The Law of Trusts

Monday, 01 November 2010
Fiona McHugh confirms that the second edition of "The Law of Trusts", by Geraint Thomas and Alastair Hudson, is as good as the first edition.

Before starting this review, I searched the office for the well-thumbed first edition of Thomas and Hudson, to remind myself of its contents. Having failed to find it in the library did not surprise me; in my hunt around the office, I collected a school of enthusiastic reviews from my colleagues, who have found this work invaluable.

Against that background, the task of critiquing a second edition of such an exemplary first edition of this scholarly contribution is a difficult one. One could so easily take for granted the skill and efforts of the first, but, I am pleased to report, the second does not disappoint.

The second edition generally maintains the same overall format and structure as the previous edition but has been helpfully expanded in certain areas with further useful new material.

A good deal has changed in the law of trusts (both statute and case law, as well as in their practical application) since Thomas and Hudson’s first edition, which was published in 2004. There have been in excess of 200 relevant cases decided since the first edition, and a number of new statutes and regulations. I am told by the Preface that one third of the book has been rewritten or redrafted to accommodate these without expanding the book excessively. However, you might notice a reduction in the font size!

As in the first edition, Section One: General Principles is the comprehensive but practical account of the principles on which the general law of trusts is based, including helpful and sensible sections on trustees’ duties, powers and rights. Section Two: Specific Trusts deals with the use of trusts in practice.

Little in Section One has needed to change materially from when the first edition was published, but that does not undermine the authors’ excellent approach in maintaining a careful balance between an academic review and a practical guide. The book stands out for the admirable way in which the authors have addressed a subject of such depth and complexity so comprehensively, and in a style from which all practitioners, from trainees to experienced advisors, will draw something when seeking to remind themselves of general legal principles or focus on a particular situation (such as insolvency) where more specific detail is required.

Section Two looks at how fundamental trust concepts have been applied in practice to modern trusts, and contains a selection of situations in which trusts are used, ranging from private family trusts to pensions, and onwards to the many uses of trusts in a commercial context. It is this that distinguishes Thomas and Hudson from other notable works on trust law, as the trust has evolved in recent years to have many more applications than its use in succession planning.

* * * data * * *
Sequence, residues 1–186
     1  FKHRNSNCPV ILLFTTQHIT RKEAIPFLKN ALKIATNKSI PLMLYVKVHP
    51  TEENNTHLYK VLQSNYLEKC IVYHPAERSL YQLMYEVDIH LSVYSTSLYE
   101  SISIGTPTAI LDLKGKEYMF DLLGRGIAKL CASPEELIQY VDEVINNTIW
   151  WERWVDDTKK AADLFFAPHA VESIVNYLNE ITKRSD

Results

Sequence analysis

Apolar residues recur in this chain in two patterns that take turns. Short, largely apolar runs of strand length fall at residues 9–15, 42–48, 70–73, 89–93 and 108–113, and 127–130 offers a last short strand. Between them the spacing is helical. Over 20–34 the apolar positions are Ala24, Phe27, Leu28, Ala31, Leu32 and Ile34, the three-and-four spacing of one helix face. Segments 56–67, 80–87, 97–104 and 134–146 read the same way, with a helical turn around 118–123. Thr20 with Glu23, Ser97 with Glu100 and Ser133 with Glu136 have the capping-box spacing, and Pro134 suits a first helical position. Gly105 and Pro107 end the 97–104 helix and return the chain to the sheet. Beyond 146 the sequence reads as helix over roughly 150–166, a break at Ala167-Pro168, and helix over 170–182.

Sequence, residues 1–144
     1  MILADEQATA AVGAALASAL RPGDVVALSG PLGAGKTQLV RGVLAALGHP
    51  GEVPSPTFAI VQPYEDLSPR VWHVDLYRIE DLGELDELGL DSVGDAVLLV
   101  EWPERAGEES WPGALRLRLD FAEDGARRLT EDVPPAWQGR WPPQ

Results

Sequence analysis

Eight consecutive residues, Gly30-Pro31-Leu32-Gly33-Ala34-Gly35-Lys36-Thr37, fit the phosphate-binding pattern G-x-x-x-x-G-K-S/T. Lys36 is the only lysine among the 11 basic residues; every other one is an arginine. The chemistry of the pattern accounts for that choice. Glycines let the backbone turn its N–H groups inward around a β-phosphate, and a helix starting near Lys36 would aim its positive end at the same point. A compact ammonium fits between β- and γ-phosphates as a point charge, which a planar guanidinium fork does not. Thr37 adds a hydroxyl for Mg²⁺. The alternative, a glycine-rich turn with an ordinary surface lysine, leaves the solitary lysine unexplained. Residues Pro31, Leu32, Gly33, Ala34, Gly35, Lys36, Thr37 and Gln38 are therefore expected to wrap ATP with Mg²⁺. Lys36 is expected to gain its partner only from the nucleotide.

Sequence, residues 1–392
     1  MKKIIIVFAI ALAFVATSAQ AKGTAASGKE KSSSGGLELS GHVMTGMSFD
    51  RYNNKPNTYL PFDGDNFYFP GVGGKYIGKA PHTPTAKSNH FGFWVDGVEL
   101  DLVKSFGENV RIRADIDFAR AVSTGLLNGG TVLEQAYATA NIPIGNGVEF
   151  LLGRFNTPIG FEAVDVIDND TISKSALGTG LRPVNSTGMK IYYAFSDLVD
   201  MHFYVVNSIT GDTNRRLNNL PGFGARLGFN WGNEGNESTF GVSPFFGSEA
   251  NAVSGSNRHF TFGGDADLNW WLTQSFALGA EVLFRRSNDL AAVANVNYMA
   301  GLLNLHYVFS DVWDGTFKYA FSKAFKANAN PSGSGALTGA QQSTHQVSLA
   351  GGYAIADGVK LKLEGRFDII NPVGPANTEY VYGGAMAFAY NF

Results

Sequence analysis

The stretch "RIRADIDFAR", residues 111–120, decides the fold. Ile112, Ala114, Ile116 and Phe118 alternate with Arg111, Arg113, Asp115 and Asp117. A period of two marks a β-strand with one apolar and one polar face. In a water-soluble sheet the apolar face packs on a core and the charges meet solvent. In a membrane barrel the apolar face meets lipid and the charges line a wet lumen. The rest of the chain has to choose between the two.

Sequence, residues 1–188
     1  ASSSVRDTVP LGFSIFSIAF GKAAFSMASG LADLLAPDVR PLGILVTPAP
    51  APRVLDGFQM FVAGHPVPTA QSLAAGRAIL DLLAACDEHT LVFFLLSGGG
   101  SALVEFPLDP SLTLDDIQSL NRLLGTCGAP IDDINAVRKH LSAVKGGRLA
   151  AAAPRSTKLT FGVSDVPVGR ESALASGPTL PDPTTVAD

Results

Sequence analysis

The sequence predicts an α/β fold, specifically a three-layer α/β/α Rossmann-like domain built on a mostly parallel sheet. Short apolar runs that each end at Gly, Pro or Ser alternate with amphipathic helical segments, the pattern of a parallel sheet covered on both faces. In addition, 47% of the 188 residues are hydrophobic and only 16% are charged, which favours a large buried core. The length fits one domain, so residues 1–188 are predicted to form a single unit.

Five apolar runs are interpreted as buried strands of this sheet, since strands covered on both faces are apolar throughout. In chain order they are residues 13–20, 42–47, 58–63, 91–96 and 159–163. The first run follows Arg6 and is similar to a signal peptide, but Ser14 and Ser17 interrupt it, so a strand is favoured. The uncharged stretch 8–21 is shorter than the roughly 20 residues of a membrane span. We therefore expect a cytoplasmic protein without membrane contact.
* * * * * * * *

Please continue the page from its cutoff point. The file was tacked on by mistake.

That is not to say that the authors skim over family trusts. This section commences with private client trusts and there is a helpful reflection on the pre-2006 position before the authors delve into the technical detail of interest in possession trusts post-2006, the demise of the accumulation and maintenance trust and the new regime generally.

Detailed sections follow on offshore trusts, with useful jurisdictional comparisons. As a tax and trusts lawyer focusing largely on the offshore world, my attention was drawn automatically to Part F: Private Client Trusts and Part G: International Trusts, particularly as this is where we have seen many of the recent developments. Farrers’ Caroline Kirby, who contributed to Chapters 40 and 41 in Part G: International Trusts, is to be singled out for her excellent practical application of the law and exploration of jurisdictional differences for asset protection trusts.

What these chapters do not do is to question the future of trusts or look at the increasing popularity of alternatives such as foundations. That said, the trust in its many guises (or, as the authors put it, ‘this form of conscience’) has been in use for centuries, whereas the alternatives that currently feature in the agenda of every conference are merely babes cutting their teeth in comparison.

The commercial focus in the latter chapters of the book is hugely valuable to practitioners in the growing area where the law of trusts and the worlds of commerce and finance overlap. Many lawyers and trustees have observed the rise of trusts as an integral part of, for example, securitisation; and others found themselves, in the dark days of 2008, being called upon to use trusts as protection against counterparty risk, when parties were fearful of their bank or another party becoming insolvent. For those reasons, these chapters are, as noted in this review and in the review of the first edition (Trust Quarterly Review volume 3, issue 2), an outstanding feature of the book. The authors explain the principles behind, and the trust law analysis of, a number of commonly-used commercial transactions and structures which employ trusts as a key feature, such as trusts of financial instruments, unit trusts, or those used to take and hold security in commercial transactions.

Overall, this is a thoughtful and impressive second edition, with a wealth of invaluable information for those using trusts in their myriad forms and applications.

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Fiona McHugh

Fiona McHugh is an associate at Maurice Turnor Gardner LLP, London.

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